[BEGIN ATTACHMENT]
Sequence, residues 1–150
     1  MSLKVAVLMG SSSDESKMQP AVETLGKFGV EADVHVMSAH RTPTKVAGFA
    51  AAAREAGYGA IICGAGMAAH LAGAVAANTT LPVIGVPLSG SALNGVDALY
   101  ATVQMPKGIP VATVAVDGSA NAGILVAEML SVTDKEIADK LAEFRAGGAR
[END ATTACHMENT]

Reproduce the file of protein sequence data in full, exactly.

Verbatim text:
Sequence, residues 1–150
     1  MSLKVAVLMG SSSDESKMQP AVETLGKFGV EADVHVMSAH RTPTKVAGFA
    51  AAAREAGYGA IICGAGMAAH LAGAVAANTT LPVIGVPLSG SALNGVDALY
   101  ATVQMPKGIP VATVAVDGSA NAGILVAEML SVTDKEIADK LAEFRAGGAR